When cutting a spiral or curve, a plain point may be used as turning the tool into the cut when rounding a curve may result in expensive jigging. The tool point will be part of a sphere having a radius of between 12 to 50 μm (0.0005-0.002"). The included angle (as shown in FIG. 13) of the tool point should be between 20°-30°.
Some mirrors may have a reflective layer or silvering which requires to be etched as well as scored to ensure that all of the reflective material is removed to define the track between conductive paths. A suitable etching solution comprises the following constituents:
Ammonium chloride 11 Kg
Copper Sulphate 4.5 Kg
Water 200 liters
A hot water rinse is then required.
Mirrors made by Verres Hertz nearly always require the above etching. The silver is opaque and about 0.001 mm thick. Mirrors produced by the Applicant company do not require etching. These mirrors have a backing paint which is known by the Trade name TAFF MOD the paint being made by Pearl Paints Limited, Treforest Industrial Estate, Glamorganshire. The silver thickness is about 0.6 μm.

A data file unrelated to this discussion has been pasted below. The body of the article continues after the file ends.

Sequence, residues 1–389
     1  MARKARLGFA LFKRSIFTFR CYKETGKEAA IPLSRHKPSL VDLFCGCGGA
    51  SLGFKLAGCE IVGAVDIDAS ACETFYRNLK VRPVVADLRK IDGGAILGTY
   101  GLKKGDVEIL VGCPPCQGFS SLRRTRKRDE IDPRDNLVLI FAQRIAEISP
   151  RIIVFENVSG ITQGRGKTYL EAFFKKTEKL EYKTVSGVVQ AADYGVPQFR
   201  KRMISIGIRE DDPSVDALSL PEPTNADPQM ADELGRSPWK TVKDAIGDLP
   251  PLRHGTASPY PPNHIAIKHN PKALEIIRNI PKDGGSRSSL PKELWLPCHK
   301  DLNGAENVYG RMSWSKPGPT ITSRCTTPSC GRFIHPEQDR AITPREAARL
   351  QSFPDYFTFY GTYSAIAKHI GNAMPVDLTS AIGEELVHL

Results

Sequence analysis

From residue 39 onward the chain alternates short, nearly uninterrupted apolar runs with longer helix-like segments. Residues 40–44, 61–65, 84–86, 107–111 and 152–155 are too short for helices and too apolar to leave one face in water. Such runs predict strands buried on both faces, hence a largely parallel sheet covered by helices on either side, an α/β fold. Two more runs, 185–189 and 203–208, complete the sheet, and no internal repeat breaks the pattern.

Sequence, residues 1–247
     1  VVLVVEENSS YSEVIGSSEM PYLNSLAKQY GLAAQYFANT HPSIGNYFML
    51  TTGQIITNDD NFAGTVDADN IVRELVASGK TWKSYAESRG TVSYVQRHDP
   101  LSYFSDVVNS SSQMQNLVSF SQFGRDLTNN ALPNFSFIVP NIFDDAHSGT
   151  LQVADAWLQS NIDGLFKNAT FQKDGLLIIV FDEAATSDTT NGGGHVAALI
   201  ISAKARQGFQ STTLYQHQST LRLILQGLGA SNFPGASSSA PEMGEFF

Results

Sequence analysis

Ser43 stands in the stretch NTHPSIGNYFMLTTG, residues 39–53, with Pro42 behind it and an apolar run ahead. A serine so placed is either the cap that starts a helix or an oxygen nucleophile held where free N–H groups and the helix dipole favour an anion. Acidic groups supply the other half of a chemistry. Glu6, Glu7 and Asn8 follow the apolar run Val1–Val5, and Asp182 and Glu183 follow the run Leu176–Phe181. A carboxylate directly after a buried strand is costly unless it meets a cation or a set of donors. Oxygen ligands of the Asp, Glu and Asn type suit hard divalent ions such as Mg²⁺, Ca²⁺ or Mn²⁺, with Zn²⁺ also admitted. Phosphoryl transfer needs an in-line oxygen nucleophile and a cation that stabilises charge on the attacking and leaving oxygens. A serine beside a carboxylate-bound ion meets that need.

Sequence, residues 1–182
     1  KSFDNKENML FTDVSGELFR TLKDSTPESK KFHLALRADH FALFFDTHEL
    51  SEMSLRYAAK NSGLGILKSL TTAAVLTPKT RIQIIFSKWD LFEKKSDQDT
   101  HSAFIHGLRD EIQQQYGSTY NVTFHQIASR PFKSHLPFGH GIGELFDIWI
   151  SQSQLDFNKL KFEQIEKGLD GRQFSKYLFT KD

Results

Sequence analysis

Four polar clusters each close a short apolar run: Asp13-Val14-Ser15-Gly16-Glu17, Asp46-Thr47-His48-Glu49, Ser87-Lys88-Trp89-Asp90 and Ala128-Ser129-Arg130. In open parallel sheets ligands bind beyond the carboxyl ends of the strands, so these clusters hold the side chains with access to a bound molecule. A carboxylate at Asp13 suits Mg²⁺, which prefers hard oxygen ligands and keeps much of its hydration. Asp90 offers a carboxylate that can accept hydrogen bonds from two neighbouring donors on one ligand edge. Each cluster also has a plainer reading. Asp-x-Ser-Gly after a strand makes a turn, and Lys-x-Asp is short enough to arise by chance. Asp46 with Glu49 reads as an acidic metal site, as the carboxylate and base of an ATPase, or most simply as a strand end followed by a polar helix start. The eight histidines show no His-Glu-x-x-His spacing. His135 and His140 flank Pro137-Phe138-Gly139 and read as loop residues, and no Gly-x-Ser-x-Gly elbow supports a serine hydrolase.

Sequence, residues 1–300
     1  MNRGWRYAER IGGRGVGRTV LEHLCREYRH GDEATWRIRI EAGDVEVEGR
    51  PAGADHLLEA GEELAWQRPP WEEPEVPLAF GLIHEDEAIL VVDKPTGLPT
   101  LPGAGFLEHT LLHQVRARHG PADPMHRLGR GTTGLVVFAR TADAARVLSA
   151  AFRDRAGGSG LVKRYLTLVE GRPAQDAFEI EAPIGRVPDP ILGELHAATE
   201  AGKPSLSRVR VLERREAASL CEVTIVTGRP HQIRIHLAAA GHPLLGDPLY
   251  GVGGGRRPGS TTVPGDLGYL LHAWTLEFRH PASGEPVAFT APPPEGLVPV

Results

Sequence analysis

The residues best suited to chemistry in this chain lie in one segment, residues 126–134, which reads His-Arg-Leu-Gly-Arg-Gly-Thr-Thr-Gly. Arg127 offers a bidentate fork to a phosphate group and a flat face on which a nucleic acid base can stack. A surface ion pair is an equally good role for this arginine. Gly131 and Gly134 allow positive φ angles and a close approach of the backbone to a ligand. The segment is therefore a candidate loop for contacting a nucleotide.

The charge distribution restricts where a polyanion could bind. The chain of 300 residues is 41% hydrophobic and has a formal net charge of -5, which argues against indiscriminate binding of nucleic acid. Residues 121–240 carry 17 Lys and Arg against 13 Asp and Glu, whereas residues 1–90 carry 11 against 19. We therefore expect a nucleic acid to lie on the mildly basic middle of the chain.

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|U.S. Classification||216/18, 427/271, 427/96.2, 216/20, 427/282, 216/52, 428/912.2, 427/165, 216/72, 427/162, 427/108, 219/219, 427/164, 427/123, 29/842, 216/39, 29/846|
|International Classification||A47G1/00, H05K7/20, H05B3/84, G02B5/08, B60R1/06, G02B7/18, C03C17/38|
|Cooperative Classification||Y10T29/49147, Y10T29/49155, A47G1/02, H05B3/845, G02B7/1815, H05B2203/016, B60R1/0602, C03C17/38, H05B2203/003, H05B3/84, H05K7/20|
|European Classification||H05B3/84, B60R1/06C, C03C17/38, G02B7/18T1, H05B3/84E, H05K7/20|
|Nov 4, 1993||AS||Assignment|
Owner name: BRITAX WINGARD LIMITED, ENGLAND
Free format text: CHANGE OF NAME;ASSIGNORS:BRITAX (WINGARD) LIMITED;WINGARD LIMITED;REEL/FRAME:006752/0548
Effective date: 19921109